P.F. Chang’s Receives First LEED Certification
La Palmera, a 1 million square foot mall located in Corpus Christi, Texas, announced that its P.F. Chang’s China Bistro location has been awarded Leadership in Energy and Environmental Design (LEED) Gold certification for Commercial Interiors for its use of sustainable materials in building the restaurant. This is the first P.F. Chang’s location to receive LEED certification from the U.S. Green Building Council, which encourages global adoption of sustainable green building and development practices.
The 6,700-sqaure-foot restaurant incorporates LEED qualifying features such as the use of recycled materials (24 percent of all materials) and local resources (more than 20 percent of all materials), and water and energy efficiencies (reduction in water consumption over 46 percent; use of 100 percent of available Energy Star qualified equipment). The restaurant is engaged in a two-year renewable energy contract that provides 50 percent of electricity from renewable resources.
Working closely with Aria Groups Architects, Inc. and Shawmut Design & Construction, the restaurant demonstrates P.F. Chang’s commitment to environmental sustainability. Many of the green initiatives designed into this store are being implemented in other newly constructed P.F. Chang’s locations.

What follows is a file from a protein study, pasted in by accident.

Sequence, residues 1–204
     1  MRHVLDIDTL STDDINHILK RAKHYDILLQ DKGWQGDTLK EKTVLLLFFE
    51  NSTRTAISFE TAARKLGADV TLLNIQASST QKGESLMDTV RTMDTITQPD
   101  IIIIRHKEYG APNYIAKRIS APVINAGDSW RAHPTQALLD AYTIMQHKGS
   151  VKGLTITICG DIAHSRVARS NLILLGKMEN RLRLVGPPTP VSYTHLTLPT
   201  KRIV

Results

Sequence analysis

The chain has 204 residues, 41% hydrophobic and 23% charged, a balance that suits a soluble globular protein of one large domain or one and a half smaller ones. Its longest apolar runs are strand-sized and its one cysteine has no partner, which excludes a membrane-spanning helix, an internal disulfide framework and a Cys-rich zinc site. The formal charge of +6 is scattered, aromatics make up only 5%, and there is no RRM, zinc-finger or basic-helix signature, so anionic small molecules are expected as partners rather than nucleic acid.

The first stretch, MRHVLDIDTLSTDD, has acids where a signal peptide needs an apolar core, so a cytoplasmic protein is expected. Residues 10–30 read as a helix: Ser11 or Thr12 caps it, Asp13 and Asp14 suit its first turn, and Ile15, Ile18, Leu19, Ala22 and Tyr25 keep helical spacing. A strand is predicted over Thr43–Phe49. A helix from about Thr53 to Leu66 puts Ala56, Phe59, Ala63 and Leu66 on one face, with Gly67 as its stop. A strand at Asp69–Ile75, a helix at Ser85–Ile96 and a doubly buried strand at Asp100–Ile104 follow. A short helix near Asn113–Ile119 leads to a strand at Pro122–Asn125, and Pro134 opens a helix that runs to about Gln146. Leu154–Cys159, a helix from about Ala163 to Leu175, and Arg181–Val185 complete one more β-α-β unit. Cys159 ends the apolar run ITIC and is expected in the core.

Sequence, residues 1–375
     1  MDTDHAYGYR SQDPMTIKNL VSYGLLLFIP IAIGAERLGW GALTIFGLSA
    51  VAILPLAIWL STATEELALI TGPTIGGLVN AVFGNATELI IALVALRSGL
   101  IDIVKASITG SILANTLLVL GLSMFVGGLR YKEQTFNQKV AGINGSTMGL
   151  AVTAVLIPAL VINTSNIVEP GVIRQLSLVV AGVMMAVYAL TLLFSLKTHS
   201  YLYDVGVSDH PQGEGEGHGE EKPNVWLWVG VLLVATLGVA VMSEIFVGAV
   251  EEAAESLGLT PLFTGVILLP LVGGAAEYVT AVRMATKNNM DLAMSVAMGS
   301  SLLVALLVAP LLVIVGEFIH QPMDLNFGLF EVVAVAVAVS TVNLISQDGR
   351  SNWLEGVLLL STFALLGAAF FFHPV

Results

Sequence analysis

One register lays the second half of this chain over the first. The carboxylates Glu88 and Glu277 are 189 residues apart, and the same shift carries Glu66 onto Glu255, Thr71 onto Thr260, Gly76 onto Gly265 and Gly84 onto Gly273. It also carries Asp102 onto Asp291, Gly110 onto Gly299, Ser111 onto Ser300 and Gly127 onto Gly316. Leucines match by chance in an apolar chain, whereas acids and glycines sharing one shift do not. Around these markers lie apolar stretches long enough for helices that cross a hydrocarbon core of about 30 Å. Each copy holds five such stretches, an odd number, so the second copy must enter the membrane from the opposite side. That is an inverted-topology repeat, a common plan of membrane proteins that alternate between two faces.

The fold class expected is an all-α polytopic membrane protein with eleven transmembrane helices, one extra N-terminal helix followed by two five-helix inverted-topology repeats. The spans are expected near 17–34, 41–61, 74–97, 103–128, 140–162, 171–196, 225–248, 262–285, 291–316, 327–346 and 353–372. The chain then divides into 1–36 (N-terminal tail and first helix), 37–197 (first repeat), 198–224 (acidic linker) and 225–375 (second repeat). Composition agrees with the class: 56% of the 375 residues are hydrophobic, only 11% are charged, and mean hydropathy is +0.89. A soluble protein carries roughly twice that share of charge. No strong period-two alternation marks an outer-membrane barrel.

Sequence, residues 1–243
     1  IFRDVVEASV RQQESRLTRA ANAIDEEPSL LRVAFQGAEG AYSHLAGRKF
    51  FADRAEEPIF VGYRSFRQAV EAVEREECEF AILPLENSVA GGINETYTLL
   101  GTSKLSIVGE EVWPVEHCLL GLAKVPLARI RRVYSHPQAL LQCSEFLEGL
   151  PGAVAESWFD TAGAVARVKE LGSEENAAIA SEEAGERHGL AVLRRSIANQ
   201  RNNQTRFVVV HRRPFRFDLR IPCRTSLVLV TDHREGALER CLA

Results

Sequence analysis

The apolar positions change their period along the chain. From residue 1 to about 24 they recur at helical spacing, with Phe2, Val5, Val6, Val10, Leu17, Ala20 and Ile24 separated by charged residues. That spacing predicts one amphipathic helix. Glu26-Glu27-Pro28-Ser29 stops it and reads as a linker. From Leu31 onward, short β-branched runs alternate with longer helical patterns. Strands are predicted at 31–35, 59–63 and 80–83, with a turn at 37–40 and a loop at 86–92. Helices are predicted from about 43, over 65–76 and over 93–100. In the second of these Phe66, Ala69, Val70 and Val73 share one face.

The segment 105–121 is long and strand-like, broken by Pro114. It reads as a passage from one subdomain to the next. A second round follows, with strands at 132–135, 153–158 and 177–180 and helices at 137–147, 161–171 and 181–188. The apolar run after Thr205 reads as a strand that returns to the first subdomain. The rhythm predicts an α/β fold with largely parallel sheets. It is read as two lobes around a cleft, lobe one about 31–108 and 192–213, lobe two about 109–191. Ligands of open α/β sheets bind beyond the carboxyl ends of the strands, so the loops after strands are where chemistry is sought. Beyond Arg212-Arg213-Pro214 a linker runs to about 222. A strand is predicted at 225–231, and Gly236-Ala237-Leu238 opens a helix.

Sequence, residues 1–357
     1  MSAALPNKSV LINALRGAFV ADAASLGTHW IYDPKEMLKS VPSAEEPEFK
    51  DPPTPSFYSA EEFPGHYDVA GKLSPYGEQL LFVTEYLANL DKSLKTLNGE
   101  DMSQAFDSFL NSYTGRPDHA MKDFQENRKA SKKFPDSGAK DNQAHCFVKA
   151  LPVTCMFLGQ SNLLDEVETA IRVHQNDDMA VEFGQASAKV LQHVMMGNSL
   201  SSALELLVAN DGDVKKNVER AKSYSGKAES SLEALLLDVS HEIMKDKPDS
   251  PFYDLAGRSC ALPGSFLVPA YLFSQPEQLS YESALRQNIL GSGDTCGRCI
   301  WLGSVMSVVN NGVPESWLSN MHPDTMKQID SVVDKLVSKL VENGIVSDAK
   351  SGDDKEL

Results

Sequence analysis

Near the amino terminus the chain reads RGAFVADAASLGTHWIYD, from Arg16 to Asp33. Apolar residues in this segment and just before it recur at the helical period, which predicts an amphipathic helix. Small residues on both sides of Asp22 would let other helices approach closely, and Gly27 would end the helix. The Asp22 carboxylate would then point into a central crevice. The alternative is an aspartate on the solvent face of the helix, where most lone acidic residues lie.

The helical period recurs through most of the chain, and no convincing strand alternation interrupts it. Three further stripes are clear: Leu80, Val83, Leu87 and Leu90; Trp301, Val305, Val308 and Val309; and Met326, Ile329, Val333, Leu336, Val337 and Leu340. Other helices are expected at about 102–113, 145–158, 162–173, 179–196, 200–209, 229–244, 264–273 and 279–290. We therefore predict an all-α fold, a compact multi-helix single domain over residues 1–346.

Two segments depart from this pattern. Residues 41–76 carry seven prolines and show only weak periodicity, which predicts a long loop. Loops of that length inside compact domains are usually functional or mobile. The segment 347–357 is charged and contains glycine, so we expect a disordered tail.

“P.F. Chang's is committed to our communities and we recognize the profound impact we can make by utilizing sustainable materials in our restaurants,” says Lane Cardwell, president of P.F. Chang’s China Bistro concept. “We are proud to be recognized with LEED certification and will continue to explore environmentally-friendly design and building elements as we renovate existing spaces and expand into new communities in the future.”
The restaurant opened at La Palmera on June 29, 2010.
LEED is the nation’s preeminent program from the U.S. Green Building Council for the design, construction, and operation of high performance green buildings. P.F. Chang’s project plans and final construction elements were reviewed by the GBCI, a third party, to determine the appropriate level of LEED certification.